The Jets special teams did not look great against the Predators but they do have the advantage given the numbers over the course of the season. The last thing to note is that Vegas had the second least amount of penalty minutes all year. They finished the season with 560 PIM while the Jets had a whopping 137 more with 697 PIM.
If the edge was awarded strictly on the season performance the Jets would take it. However, Vegas has dominated on the PK in the playoffs so far and the Jets have struggled at times even though their power play percentage remains strong. This one is too close to call as each team seems to have their own strengths.
The goaltending matchup in this series will be fun to watch. Marc-Andre Fleury is a goaltending legend who was won the Stanley Cup multiple times, and also has an Olympic Gold medal. Fleury has been the model of consistency for a number of years as he has played over 700 games and has a career save percentage of .914. When looking at playoff experience the contrast between Fleury and Hellebuyck is staggering. Since Fleury has joined the NHL in the 2003-2004 season no player has won more playoff games than Fleury has. In 123 playoff appearances Fleury has 70 wins. Only Lundqvist comes close as he has 61 wins in 128 games during the same span. As for Hellebuyck, he is playing in his first playoffs and has 8 wins in 12 games. Although Hellebuyck was also highly touted prospect like Fleury was, he has nowhere near the same experience or track record that Fleury possesses.
Looking at their stats from the regular season, both of these netminders had similar stats. Fleury was hurt for almost half the season as he only played 46 games. In the games that he did play, he was excellent. He had a .927 save percentage and a 2.24 GAA. This .927 save percentage was 4th among goalies who played at least 30 games. Looking down that list, Hellebuyck is not far behind. Hellebuyck finished the year with a .924 save percentage which puts him seventh among that same group of netminders. Hellebuyck also had 2.36 GAA which put him 6th in the league in that regard. Lastly, Hellebuyck finished the season with 44 wins, which tied him for first in the entire NHL with Vasilevskiy of Tampa Bay.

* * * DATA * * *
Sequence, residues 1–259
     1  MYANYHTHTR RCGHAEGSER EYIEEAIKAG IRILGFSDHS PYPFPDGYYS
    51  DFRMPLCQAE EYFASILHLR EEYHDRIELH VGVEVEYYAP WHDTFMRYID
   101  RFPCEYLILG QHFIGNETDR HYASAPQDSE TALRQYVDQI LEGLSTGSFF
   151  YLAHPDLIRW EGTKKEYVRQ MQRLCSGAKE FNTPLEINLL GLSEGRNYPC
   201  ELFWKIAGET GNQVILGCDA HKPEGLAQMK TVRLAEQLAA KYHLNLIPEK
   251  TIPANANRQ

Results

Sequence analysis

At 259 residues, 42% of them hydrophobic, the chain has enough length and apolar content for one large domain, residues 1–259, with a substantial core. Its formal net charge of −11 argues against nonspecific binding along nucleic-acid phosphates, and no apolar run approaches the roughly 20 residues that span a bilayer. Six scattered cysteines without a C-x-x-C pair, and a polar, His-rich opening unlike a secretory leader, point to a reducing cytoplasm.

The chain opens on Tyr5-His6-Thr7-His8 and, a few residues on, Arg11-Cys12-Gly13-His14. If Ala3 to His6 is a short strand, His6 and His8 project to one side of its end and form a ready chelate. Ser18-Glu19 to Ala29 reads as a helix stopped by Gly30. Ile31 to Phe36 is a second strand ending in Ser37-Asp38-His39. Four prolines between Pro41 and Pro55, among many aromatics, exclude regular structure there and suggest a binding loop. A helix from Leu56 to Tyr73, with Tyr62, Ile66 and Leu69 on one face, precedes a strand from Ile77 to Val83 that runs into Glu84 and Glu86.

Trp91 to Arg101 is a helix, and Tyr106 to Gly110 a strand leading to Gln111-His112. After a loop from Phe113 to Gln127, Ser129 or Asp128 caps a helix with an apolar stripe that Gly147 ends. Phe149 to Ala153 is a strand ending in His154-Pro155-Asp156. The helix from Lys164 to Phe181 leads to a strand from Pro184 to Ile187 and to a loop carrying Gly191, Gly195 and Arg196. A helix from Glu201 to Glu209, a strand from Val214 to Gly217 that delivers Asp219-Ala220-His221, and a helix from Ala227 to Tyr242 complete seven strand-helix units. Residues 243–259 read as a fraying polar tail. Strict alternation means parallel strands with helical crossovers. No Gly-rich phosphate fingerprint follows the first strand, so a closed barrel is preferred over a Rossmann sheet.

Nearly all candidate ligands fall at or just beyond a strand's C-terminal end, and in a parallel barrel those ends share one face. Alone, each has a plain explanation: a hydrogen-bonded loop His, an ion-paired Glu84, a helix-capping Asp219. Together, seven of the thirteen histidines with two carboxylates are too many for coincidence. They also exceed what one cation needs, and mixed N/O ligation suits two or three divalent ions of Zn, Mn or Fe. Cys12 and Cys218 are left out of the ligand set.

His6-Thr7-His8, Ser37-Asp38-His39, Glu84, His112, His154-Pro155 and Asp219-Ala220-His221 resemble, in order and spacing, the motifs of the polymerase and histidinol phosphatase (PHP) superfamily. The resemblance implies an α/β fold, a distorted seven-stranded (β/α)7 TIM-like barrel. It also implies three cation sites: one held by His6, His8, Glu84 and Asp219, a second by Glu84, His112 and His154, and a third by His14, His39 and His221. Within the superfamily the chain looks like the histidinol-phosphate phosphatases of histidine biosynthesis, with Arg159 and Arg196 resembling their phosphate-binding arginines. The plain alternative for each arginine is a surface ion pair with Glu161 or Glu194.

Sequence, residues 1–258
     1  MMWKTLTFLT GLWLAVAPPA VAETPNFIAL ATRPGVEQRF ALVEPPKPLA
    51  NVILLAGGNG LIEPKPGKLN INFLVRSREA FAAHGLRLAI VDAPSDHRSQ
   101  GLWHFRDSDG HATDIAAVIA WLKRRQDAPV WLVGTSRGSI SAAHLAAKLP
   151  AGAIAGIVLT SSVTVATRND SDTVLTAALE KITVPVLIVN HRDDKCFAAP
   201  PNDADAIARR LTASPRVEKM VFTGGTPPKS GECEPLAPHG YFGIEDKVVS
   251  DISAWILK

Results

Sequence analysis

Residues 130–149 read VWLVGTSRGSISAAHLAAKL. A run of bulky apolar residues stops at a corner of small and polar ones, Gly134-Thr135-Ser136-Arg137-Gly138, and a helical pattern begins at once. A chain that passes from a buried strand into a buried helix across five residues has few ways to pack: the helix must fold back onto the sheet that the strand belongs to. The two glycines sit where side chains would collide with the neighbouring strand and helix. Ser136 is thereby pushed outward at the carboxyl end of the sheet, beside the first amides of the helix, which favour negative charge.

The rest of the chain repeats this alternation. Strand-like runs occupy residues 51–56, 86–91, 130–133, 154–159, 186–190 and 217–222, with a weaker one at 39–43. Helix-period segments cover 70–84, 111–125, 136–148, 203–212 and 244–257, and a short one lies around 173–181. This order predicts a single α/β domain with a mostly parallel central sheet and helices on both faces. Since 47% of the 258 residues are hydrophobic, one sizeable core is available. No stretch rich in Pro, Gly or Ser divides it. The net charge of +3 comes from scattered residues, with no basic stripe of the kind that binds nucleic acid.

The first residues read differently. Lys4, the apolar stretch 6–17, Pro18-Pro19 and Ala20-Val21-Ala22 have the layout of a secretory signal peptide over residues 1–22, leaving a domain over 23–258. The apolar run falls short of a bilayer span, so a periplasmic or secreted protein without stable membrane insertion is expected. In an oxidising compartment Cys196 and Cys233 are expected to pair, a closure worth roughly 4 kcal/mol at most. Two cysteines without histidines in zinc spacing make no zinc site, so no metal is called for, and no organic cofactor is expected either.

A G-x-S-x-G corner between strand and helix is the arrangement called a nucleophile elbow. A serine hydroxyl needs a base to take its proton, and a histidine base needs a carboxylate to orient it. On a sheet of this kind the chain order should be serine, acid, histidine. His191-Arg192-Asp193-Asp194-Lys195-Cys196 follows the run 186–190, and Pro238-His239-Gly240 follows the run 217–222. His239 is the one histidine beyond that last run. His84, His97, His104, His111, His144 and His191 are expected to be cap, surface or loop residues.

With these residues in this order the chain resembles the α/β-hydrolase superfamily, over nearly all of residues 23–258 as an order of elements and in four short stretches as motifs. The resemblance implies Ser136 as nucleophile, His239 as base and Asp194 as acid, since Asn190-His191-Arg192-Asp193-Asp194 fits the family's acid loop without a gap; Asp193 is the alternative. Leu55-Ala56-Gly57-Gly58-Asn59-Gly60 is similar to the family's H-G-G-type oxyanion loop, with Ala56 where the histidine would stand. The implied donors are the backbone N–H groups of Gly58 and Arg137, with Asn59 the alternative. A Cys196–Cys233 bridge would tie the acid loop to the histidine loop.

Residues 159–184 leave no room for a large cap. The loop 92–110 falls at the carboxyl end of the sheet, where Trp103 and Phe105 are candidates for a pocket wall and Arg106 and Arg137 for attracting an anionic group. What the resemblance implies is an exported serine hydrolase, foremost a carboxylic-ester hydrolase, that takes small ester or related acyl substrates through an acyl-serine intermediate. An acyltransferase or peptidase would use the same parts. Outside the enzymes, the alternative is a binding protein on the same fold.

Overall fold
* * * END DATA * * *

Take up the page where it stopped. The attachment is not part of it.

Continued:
While these two goalies have very similar stats in the regular season, it’s the playoffs that is setting Fleury apart. Fleury is spouting a great 8-2 record in these playoffs with an outstounding .951 save percentage and a ridiculous 1.53 GAA. Hellebuyck has been very good as well with a .927 SV% and 2.25 GAA but is nowhere near Fleury’s eye-popping numbers.
Fleury gets the edge in this matchup due to his experience and exceptional play over first two rounds of the playoffs.
There are a few things to consider when looking at intangibles. The first one is the health of each club. Considering this is the third round of the playoffs, both teams are remarkably healthy. The Jets had Armia and Perreault return after getting hurt in round one. Vegas has most of their lineup intact as well.
Both teams are healthy, so what else is there?
Looking at a potential home ice advantage, it would have to go very slightly to the Jets. Winnipeg had the best home record in the league at 32-7-2. Vegas was excellent at home as well with a record of 29-10-2. These teams are both healthy and have similar records at home so there must be something else that sets one of them apart.
The last thing to look at regarding intangibles is the mindset of the teams. Vegas has been proving everybody wrong all season as most people predicted them to finish near the bottom of the league and nowhere near playoff contention. Once they started winning games, everyone said their streak wouldn’t last. It did last and it brought them first place in the division. Then, when the playoffs began, everyone wrote them off again because they seemingly had to eventually hit a rough patch. They have not hit any sort of rough patch thus far and have silenced the critics repeatedly throughout the year. Not only has the team far exceeded their expectations, but each player is playing with a sense of pride. They were specifically not protected by their previous team and that is providing some extra motivation to prove their former management wrong. This mentality is what got Vegas this far, and it’s only a matter of time before the skeptics realize how good this team actually is.
While most of these intangible categories are close, Vegas gets the edge for embracing their underdog role and proving people wrong at every point during the year.